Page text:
|LIVIN' LA VIDA LOCA|
August 23, 1999
MARGARET WARNER: Finally tonight, Essayist Anne Taylor Fleming considers the appeal of singer Ricky Martin. ("Livin' La Vida Loca" playing)
ANNE TAYLOR FLEMING: You'd have to be a real recluse not to have seen 27- year-old Ricky Martin strut his stuff.
SINGING: She's into superstition black cats and voodoo dolls...
ANNE TAYLOR FLEMING: He's everywhere-- from the "Today" show to MTV to People Magazine-- looking every inch the matinee idol/soap opera actor he once was. Martin is full-tilt, eager-to- please exuberance, a breath of frat-boy good looks in a sea of nose rings, tattoos, and heavy leather. We're talking post-post grunge here, the return of the handsome hunk with the boisterous hips, the millennial Elvis. But what's truly different about Martin is that he's truly bilingual and bicultural, hip- hopping from Spanish to English and back again. A native of Puerto Rico, Martin's previous four albums, all in Spanish, sold more than 15 million copies worldwide. "Livin' la Vida Loca" is his first in English, but it's peppered with Latin accents, linguistic and musical, and America loves it. Martin's the right guy at the right place at the right time.
SINGING: Livin' la vida loca
ANNE TAYLOR FLEMING: We might have a complicated feeling about bilingualism-- many clearly do-- but the reality is that we live in a complicated world where both front-running presidential hopefuls, George W. Bush and Al Gore, took pains in their kickoff speeches to speak some Spanish. That is the reality. In the next decade, Latinos will pass African Americans as the largest minority group in the country, and Ricky Martin is the pied piper of that new world, where a crossover artist can be a star in both languages. Imitators are already lining up, notably actress-singer Jennifer Lopez, who's slithering through her videos like a Latin Madonna: English lyrics, Latin moves-- welcome to the new real world. In fairness, they are not the first such ambassadors. There have been previous pioneers bringing their mambos and salsas and rumbas up North.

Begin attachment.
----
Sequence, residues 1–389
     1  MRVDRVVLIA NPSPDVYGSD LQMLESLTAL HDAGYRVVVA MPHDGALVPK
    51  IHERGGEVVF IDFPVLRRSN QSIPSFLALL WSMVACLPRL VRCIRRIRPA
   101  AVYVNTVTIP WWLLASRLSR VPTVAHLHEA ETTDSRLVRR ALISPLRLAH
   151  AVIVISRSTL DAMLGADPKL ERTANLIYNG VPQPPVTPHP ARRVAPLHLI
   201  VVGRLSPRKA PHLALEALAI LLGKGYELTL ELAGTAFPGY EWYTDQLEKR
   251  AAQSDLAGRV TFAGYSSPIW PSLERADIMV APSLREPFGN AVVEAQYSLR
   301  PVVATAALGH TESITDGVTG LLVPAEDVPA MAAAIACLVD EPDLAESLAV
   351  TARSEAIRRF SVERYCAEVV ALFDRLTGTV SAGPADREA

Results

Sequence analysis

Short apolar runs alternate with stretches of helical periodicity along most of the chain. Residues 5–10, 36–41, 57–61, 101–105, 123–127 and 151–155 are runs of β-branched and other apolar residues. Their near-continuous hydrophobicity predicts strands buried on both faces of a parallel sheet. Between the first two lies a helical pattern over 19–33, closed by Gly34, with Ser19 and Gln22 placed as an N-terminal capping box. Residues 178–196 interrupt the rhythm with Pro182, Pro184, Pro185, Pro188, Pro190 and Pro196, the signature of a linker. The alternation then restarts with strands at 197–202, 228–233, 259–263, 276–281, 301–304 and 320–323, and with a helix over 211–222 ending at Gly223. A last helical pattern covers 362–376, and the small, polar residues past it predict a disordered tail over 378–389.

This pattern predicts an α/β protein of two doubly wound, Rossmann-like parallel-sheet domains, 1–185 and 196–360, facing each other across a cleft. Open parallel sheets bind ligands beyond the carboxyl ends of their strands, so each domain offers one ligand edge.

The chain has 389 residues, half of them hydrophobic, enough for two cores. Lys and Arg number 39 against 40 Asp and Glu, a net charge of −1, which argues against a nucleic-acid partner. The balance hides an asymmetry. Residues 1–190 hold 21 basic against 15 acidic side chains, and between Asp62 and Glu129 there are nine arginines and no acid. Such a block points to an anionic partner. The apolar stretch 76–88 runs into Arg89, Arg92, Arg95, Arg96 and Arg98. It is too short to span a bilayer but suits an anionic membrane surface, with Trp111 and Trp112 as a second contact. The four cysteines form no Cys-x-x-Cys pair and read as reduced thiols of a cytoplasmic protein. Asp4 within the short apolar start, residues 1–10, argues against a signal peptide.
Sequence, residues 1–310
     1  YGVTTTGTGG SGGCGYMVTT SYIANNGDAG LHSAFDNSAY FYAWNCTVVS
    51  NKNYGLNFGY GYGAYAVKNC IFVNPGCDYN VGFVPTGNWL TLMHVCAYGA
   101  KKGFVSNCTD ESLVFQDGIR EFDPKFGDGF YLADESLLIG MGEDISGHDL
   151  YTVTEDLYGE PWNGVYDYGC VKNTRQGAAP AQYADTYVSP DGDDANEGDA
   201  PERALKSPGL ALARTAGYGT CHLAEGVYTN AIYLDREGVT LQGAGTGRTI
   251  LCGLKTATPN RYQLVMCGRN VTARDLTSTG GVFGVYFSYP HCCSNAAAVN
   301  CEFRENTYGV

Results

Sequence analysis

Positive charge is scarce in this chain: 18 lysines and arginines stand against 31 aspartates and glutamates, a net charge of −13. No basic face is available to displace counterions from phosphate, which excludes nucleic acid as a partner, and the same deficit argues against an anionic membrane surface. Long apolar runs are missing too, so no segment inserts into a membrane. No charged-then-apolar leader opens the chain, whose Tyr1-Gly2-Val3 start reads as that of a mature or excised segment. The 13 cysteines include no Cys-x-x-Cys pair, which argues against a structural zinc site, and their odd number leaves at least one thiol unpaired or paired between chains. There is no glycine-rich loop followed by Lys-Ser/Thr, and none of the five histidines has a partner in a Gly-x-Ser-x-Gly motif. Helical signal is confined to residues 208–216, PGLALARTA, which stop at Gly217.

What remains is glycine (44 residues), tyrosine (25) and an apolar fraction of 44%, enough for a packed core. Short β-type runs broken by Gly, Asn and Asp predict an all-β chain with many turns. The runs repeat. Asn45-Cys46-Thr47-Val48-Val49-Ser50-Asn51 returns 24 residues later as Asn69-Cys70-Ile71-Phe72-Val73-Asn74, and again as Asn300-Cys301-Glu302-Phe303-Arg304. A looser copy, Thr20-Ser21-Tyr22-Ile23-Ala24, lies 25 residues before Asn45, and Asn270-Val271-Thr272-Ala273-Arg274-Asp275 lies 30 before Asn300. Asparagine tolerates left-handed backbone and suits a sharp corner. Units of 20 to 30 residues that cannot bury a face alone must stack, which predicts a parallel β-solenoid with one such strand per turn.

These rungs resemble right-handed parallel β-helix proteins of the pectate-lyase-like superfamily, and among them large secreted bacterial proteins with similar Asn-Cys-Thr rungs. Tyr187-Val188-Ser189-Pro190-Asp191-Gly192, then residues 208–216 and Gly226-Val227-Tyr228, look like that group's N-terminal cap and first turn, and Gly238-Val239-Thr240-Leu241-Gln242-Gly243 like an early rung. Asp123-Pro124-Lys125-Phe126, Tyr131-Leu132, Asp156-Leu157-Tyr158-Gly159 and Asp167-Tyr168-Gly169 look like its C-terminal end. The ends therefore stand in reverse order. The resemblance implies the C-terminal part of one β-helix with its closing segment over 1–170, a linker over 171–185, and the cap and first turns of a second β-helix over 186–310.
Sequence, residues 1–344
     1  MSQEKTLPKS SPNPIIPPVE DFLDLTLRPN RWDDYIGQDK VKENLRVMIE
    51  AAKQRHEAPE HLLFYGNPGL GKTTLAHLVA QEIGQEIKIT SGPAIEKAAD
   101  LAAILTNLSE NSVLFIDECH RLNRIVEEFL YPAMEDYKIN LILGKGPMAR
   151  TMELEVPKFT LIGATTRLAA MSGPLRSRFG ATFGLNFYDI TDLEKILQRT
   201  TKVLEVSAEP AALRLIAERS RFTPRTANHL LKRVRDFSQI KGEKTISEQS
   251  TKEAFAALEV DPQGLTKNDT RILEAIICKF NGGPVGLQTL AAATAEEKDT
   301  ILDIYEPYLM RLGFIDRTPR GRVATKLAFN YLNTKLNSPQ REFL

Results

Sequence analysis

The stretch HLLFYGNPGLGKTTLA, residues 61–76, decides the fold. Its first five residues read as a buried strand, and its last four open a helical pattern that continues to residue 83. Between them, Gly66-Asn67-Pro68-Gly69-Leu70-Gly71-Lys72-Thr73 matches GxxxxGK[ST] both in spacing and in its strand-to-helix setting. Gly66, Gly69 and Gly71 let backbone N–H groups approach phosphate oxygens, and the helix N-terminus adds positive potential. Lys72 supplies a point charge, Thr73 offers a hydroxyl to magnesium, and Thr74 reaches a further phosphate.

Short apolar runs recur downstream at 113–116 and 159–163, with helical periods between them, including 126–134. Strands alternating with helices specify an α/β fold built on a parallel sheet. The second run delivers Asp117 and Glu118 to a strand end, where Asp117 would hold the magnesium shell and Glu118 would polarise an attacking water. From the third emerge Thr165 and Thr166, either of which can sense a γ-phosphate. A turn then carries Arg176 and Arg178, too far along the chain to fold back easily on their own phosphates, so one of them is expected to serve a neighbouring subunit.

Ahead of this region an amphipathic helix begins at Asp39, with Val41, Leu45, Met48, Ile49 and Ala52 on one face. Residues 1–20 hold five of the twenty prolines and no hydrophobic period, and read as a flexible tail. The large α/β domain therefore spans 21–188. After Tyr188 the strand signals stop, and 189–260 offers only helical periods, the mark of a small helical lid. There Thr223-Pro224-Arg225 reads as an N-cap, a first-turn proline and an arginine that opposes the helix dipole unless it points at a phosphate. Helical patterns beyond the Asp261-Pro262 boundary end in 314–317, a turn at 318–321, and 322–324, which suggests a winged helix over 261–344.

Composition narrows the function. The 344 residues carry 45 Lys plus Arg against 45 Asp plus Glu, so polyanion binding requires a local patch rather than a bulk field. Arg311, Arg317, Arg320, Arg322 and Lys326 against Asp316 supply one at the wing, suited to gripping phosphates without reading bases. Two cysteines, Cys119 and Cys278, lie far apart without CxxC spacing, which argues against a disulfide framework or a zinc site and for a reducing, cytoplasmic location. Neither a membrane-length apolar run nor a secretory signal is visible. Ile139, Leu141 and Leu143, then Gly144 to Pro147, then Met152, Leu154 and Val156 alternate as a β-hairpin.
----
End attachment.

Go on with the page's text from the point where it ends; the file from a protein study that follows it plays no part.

SINGING: Come on shake your body baby do the conga; I know you can't control yourself any longer...
ANNE TAYLOR FLEMING: Certainly Gloria Estefan and her Miami Sound Machine helped get the ball rolling in the early 80's, thus becoming the darling of Florida's Cuban expatriates. And in Los Angeles, there was the East L.A. Mexican band Los Lobos.
SINGING: A quiet voice singing something to me.
ANNE TAYLOR FLEMING: Before them, there were others, everyone from Hollywood stars like Delores Del Rio and Carmen Miranda in the 30's and 40's, to Tito Puente and Lucy's husband, Desi Arnaz, in the 50's, and also, of course, Richie Valens with his can't- stay-in-your-chair "La Bamba." (Playing "La Bamba") If you've lived here in Southern California as I have, you've undoubtedly heard Latin music a good part of your life. It was either blaring or whispering from some portable radio in a restaurant kitchen or on a street corner, or even in your own home, where someone came to clean or mow the lawn, bringing with them the music of their south-of-the-border homeland. The music always struck me as searingly sensual and romantic, though I didn't understand a word. It wasn't the Latin global pop of today, but something purer, fluid and percussive all at the same time. Some of it was straight mariachi, and sometimes it clearly had Africa in it, too, not surprising since the vast percentage of slaves brought to the Americas went, in fact, to Latin America. For a taste of this, you can go see the current movie, "The Buena Vista Social Club", a loving portrait of some aging Cuban musicians. Beside them, Ricky Martin and Jennifer Lopez do look a little airbrushed, prepackaged in looks and style to appeal to a mainstream white audience. But in effect, they are simply different pieces of the same story, the explosion and exuberant embrace of Latin music, of so-called fusion, where styles and cultures blur. Look around. Tango classes are full. Latin dance clubs are all the rage. And it isn't just music. The hippest restaurant trend is a Latin accent, be it Mexican or Peruvian or Brazilian. And salsa outsells ketchup.
SINGING: She will wear you out livin' la vida loca come on-- Livin' la vida loca come on livin' la vida loca.
ANNE TAYLOR FLEMING: And Ricky Martin is on the roll of a lifetime,
living la vida loca of fame. We like that. We don't just like him, we
like what his success says about the rest of us.